On Saturday evening, the outpouring of support from the four stands at Goodison Park for the Ukrainian footballers Oleksandr Zinchenkoand Vitaliy Mykolenko brought both players to tears.
As the teams walked off at full-time, Zinchenko, the 25-year-old Manchester City defender, applauded the visitors’ section of the crowd – several of whom were waving Ukrainian flags – after a 1-0 victory over Everton, which took his side one step nearer their aim of securing the title.
In normal times on a Saturday night in the city of Lviv in western Ukraine, Oleh Luzhnyi – the country’s first footballer to win the Premier League – would sit in front of his television and watched the day’s Premier League action.
Luzhnyi is one of Ukraine’s most decorated players. It is two decades since Arsenal won a second double in the space of five years. The 2001/02 side lost only three games all season, giving a hint of what was to come a couple of years later during their Invincibles season.
Amongst their number in defence during that campaign was Luzhnyi. He won eight league titles with Dynamo Kyiv in the Soviet Union and latterly – after the declaration of independence in 1991 – Ukraine. Luzhnyi played a central role in Kyiv’s dominance of football in his homeland throughout the 1990s until he was signed by Arsene Wenger in 1999.
Luzhnyi also made 60 international appearances, captaining Ukraine 37 times. The first of his caps, for the USSR, came at the age of 20 and only injury kept him out of an appearance at the 1990 World Cup finals, which was the last tournament before the break-up of the Soviet Union.
Just two months ago during a Zoom call, Luzhnyi was speaking enthusiastically about his plans to return to England and resume a coaching career that has spanned eight years, over two spells, as assistant manager with Dynamo Kyiv.
But instead of watching the television pictures of his compatriots embracing on the pitch at Goodison Park, Luzhnyi spent much of Saturday travelling between his home and one of the city’s many makeshift air-raid shelters.
“The situation is horrific,” he tells Sky Sports via a Whatsapp message. “I want to come to coach in the UK but before anything I will stand firmly and fight for my people, for my country and for democracy.
“We all hope this will be over soon as innocent lives are being lost and families are being torn apart. A country being invaded and destroyed is all for what? We need to stand together as one and bring to an end this criminal warfare.”
As recently as a week ago, Lviv was supposedly the safe place for domestic refugees fleeing the more vulnerable capital, Kyiv. Many arrived by train and set up a temporary home with relatives or found apartments to rent. The American embassy was established in the city and it was regarded as a safe space even with the imminent threat of a Russian invasion. But over the last couple of days the air raid sirens have become more frequent and the US embassy has now moved its operations to Poland.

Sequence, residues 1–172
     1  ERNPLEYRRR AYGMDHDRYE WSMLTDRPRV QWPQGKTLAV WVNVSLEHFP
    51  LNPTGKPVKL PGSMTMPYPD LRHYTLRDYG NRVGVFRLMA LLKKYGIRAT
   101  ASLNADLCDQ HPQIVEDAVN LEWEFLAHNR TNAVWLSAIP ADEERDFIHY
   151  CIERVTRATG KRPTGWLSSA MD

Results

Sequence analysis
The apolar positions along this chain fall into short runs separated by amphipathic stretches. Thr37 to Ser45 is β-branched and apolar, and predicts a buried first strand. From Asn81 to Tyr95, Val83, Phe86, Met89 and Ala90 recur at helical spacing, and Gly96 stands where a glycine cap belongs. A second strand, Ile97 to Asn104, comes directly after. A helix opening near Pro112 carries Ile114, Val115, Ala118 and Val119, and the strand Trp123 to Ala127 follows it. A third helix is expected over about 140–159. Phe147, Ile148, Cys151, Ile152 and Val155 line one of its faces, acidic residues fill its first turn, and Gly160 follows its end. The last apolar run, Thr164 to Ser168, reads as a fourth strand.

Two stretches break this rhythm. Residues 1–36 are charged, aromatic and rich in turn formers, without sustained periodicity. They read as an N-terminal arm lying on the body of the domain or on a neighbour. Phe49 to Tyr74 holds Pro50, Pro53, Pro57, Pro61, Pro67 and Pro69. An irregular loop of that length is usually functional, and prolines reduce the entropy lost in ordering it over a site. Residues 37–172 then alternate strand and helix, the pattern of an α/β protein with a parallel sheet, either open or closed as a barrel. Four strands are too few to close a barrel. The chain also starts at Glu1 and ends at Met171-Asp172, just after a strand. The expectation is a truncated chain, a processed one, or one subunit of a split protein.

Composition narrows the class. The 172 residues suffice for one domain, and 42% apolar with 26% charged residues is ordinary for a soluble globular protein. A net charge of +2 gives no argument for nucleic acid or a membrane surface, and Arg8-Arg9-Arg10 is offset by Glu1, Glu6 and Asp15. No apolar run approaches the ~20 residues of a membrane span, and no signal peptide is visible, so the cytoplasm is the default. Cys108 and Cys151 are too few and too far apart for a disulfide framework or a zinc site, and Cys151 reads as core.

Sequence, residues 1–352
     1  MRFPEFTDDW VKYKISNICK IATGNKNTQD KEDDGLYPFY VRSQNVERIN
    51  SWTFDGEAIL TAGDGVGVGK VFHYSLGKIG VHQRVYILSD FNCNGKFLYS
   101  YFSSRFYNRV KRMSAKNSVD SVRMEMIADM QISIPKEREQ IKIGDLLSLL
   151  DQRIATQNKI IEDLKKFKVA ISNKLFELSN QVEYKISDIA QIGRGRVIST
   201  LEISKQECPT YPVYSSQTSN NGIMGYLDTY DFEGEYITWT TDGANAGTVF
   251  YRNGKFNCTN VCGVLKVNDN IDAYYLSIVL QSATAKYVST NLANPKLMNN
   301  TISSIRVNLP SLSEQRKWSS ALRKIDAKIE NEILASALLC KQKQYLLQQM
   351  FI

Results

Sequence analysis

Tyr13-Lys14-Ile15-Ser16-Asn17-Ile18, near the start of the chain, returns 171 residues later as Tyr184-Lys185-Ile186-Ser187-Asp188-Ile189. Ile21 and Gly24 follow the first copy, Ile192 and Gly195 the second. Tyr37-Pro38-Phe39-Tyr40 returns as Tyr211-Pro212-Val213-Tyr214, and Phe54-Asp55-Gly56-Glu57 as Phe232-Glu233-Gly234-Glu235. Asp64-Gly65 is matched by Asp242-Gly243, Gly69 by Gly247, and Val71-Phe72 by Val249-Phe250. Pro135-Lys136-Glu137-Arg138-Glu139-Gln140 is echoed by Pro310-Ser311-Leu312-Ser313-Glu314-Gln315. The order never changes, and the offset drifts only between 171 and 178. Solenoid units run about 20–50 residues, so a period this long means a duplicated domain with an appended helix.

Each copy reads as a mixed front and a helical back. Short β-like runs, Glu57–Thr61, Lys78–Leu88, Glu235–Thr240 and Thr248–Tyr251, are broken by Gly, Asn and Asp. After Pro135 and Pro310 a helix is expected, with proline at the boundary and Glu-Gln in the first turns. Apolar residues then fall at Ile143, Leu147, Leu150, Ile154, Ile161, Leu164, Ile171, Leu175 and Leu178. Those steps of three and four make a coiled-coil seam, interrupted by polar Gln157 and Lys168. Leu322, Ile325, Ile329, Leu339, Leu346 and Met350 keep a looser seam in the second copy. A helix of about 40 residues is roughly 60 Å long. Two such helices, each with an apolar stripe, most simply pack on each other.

Since the start of the conflict with Russia, Luzhnyi has tried to maintain contact with his childhood friend, Simon Stakhiv, who lives in London. Communications are unreliable as mobile coverage has become intermittent, but Luzhnyi wants to keep the people of Ukraine in the minds of football supporters in this country.
The pair met in Lviv in the late 1980s when Luzhnyi’s career was about to take off with a move from SKA Karpaty Lviv to Dynamo Kyiv. Stakhiv moved to London for work in 1997 and, when Luzhnyi followed two years later, their friendship was revived.
“Oleh has told me that everybody is in shock and stressed by what is happening,” Stakhiv adds. “It is a scary thing to have to go to the bomb shelters and sleep overnight there. We are lucky here in England, today we had blue skies and peace but it’s a different story when you are living with sirens and war. From six o’clock in the evening until eight o’clock in the morning nobody is allowed outside apart from the army.”
Now aged 53, Luzhnyi is preparing for the prospect of becoming personally involved in the war.
“Everyone from the age of 18 to 60 can be called to fight, everyone is prepared to fight,” Stakhiv explains. “People love Oleh everywhere he goes. There are youngsters who weren’t even born when he was playing who will stop him on the street to say ‘hello’ or have a picture with him. They respect him so much and he will be a source of strength to the people in the city throughout this when they see him.”
Stakhiv speaks passionately about the plight of his childhood friend and hopes the day will come when they can talk at length about something as straightforward as football once more.
“Of course, he still supports Arsenal. We talk every week about them and he would take great strength in knowing that Arsenal fans still remember him.
“He still has ambitions to come to England. He is a legend, he captained our country, and I would love him to come back here when all this is over.”